As the eurozone's biggest economy, it was Germany's job to stabilize the system when the first signs of financial trouble appeared. Instead, it did precisely the opposite. Whether the euro survives depends on Frankfurt finally assuming its role as leader.
As Americans fret about persistent economic challenges, particularly high unemployment, a nearly opposite mood pervades Germany. Neither the economic crises in the rest of the eurozone nor the instability in the Middle East has dampened a deep-seated conviction among German business leaders and economists that two decades after the costly reintegration of East Germany the country has reestablished its position as an economic juggernaut.
Germany's optimism appears warranted: whereas unemployment in the United States rose during the recent economic recession, from 4.6 percent in 2007 to 9.0 percent in 2011 (seasonally adjusted), in Germany, it fell, from 8.5 percent to 7.1 percent. For the first time since 1992, fewer than three million Germans are unemployed. By the time U.S. President Barack Obama was telling Americans in his January 2011 State of the Union address that the United States needed to double its exports, Germany had quietly become the world's second-largest exporter (after China). Indeed, Germany's exports have contributed two-thirds of the country's economic growth over the past decade and have driven its GDP per capita to increase faster than that of any other major industrialized country.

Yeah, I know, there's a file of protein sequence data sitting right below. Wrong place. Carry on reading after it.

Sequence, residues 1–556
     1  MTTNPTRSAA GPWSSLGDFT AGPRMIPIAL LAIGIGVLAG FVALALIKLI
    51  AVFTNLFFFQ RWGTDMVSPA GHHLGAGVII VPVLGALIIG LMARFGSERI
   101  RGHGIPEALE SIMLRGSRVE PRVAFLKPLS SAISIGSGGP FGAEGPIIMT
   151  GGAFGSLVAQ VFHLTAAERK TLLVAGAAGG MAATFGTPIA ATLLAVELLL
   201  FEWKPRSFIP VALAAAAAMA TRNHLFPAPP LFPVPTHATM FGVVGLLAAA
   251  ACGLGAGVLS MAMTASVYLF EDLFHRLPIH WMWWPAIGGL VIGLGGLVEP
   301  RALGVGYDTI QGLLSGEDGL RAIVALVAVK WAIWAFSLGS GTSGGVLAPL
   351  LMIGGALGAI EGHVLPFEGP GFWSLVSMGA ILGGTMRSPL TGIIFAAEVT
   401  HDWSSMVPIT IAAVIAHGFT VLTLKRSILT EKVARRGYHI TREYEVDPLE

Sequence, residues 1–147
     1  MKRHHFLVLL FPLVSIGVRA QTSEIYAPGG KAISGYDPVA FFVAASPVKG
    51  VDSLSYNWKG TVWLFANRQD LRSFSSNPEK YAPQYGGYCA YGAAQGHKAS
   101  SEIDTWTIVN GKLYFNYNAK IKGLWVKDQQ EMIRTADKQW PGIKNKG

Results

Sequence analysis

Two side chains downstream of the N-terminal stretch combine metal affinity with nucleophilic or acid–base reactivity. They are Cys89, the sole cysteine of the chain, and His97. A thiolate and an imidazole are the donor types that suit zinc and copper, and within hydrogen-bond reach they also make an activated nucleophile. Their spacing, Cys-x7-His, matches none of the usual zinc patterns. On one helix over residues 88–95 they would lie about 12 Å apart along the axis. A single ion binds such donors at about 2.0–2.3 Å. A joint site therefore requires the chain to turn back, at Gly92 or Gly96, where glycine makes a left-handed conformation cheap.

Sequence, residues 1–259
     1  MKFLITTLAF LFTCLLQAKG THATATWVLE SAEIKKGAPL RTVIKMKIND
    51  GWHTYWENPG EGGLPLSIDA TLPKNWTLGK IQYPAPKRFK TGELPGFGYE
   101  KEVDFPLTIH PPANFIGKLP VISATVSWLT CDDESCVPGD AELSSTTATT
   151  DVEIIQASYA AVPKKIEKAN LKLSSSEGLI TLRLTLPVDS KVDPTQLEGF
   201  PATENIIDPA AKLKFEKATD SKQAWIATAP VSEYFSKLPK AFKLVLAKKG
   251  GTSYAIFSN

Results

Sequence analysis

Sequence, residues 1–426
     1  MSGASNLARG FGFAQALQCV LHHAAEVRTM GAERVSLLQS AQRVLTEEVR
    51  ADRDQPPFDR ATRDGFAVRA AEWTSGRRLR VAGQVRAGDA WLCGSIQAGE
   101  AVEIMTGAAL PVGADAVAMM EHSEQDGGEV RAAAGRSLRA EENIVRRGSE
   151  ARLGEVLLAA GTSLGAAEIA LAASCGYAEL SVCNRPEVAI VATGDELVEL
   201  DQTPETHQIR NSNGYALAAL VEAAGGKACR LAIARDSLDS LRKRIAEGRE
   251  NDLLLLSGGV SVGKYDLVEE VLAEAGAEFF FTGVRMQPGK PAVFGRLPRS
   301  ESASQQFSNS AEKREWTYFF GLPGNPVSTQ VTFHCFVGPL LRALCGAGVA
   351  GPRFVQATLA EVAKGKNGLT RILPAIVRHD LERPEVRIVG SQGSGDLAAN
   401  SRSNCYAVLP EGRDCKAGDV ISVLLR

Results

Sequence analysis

When it comes to boosting exports, of course, the need to maintain or even increase the size of the manufacturing sector, in particular, has been an article of faith in major developed countries for decades. Politicians and voters alike believe that having companies that "make something" is a key element of economic success, in part because manufacturing jobs have historically paid above average wages. For its part, Germany embraced manufacturing, and much of its economic success is thanks to that decision.
THE MITTELSTAND MIRACLE
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